Prince George's County continues to choose the latter path. That's not to say it's wrong, but it's a route that they should question when so many in their government & of their constituency look west and wonder why they can't be like that.

by Bossi on Aug 18, 2011 10:31 am • linkreport

One question I would ask is how many people use transit to get to the new rockville wholefoods, which is a much more heavily used station. Iam willing to bet it's under 10%. So calling the whole foods smart growth is a joke.

by mike on Aug 18, 2011 11:27 am • linkreport

Nice piece.

WRT Bossi's point about Whole Foods and the UP demographic, the reality is that the retail trade area is going to be at least a five mile radius, and will draw upon a few hundred thousand people.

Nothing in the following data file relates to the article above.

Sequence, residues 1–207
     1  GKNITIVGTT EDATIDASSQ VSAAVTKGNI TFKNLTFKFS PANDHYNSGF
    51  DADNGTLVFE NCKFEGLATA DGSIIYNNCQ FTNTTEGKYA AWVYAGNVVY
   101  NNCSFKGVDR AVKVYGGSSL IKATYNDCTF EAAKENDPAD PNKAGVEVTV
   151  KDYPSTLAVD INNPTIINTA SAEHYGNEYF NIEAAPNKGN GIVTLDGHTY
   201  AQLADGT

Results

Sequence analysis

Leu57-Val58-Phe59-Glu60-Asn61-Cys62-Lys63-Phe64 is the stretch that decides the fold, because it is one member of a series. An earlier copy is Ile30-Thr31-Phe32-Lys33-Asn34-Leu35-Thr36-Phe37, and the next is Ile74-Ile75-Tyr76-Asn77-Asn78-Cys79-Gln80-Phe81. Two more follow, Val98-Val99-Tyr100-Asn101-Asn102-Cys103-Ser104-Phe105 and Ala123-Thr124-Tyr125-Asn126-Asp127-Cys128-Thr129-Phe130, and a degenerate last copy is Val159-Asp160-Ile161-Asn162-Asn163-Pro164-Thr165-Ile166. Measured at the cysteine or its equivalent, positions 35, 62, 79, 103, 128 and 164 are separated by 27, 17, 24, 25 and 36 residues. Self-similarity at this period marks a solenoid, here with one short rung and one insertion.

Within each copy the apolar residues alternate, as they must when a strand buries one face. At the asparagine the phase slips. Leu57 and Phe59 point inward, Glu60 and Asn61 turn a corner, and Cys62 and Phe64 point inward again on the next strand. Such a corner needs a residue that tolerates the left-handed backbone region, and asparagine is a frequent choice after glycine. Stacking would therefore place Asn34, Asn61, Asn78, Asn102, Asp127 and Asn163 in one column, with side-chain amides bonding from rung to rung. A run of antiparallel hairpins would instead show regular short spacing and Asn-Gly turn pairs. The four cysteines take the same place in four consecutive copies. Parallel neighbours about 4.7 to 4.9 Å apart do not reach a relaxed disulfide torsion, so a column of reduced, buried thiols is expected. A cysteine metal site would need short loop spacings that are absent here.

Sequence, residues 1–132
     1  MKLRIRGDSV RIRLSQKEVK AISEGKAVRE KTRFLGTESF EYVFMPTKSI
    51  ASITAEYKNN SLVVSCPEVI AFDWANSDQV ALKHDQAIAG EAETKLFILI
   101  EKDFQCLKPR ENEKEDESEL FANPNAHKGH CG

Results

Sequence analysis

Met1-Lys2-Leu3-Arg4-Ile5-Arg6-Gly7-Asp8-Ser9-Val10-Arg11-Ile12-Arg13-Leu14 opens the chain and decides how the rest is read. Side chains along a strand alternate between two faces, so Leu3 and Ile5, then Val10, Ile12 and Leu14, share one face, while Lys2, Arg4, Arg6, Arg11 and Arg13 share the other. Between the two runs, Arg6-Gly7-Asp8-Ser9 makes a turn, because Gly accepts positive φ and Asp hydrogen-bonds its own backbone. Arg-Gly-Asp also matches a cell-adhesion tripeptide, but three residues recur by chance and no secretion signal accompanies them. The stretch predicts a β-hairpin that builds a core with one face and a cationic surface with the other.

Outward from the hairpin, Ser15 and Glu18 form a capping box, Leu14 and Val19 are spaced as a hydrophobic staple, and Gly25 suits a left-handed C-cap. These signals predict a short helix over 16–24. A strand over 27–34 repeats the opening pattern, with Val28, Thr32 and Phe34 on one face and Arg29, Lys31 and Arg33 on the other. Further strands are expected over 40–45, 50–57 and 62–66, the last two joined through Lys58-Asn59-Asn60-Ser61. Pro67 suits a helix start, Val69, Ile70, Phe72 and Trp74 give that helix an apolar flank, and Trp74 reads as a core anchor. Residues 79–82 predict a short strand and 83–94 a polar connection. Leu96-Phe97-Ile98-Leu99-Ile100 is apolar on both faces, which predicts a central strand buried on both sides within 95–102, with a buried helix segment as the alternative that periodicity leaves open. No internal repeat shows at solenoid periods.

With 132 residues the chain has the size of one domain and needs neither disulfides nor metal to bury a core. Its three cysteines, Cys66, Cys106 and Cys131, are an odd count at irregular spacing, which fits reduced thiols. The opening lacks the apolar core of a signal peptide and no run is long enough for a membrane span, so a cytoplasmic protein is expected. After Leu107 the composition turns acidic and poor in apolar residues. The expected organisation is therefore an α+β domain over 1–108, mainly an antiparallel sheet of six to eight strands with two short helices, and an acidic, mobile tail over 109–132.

The other response would be "Wegmans."

Who would think a Wegmans could "thrive" in PG County? Well, it is.

The thing that I could have said better in my overlong piece is that these kinds of "pathbreaking" anchor developments (granted there are differences between the original and the current proposal) have the ability to reshape development paradigms in significant ways.

So more traffic now, but long term, less traffic, as more development is done that generates more transit, biking, and walking trips, and fewer trips by car.

Anyone who looks at the UTC example as a reason not to do this project is somewhat foolish (with the new commentator guidelines I don't want to say "stupid") because there are so many urban design faults with the development "around" PG Plaza Metro that for the most part it is a total misnomer to say any of it is "transit oriented."

by Richard Layman on Aug 18, 2011 12:28 pm • linkreport